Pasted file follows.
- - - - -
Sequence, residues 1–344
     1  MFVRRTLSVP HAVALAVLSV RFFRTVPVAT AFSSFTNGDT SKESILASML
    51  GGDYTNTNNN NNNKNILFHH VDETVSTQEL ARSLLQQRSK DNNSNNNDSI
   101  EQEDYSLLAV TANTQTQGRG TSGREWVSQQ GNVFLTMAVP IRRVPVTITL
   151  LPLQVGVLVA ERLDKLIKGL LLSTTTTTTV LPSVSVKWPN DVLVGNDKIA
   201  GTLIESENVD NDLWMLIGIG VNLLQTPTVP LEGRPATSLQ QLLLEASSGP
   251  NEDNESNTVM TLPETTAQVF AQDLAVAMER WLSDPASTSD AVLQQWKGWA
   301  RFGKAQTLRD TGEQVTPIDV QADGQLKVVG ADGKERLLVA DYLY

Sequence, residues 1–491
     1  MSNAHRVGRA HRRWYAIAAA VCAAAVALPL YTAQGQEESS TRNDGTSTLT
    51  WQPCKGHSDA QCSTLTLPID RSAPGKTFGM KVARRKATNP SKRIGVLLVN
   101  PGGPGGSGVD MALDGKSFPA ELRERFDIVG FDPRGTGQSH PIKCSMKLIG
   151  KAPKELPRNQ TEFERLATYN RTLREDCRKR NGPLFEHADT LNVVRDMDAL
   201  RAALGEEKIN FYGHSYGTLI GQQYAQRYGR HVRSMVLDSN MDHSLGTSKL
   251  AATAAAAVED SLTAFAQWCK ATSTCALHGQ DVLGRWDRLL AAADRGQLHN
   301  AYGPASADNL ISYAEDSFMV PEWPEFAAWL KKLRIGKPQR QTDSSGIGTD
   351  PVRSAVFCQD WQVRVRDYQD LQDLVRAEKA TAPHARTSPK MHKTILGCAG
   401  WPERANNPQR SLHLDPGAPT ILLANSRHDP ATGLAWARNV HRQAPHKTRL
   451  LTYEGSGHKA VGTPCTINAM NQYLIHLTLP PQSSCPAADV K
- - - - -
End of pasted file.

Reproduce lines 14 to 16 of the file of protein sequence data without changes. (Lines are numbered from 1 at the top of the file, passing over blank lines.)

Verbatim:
   201  RAALGEEKIN FYGHSYGTLI GQQYAQRYGR HVRSMVLDSN MDHSLGTSKL
   251  AATAAAAVED SLTAFAQWCK ATSTCALHGQ DVLGRWDRLL AAADRGQLHN
   301  AYGPASADNL ISYAEDSFMV PEWPEFAAWL KKLRIGKPQR QTDSSGIGTD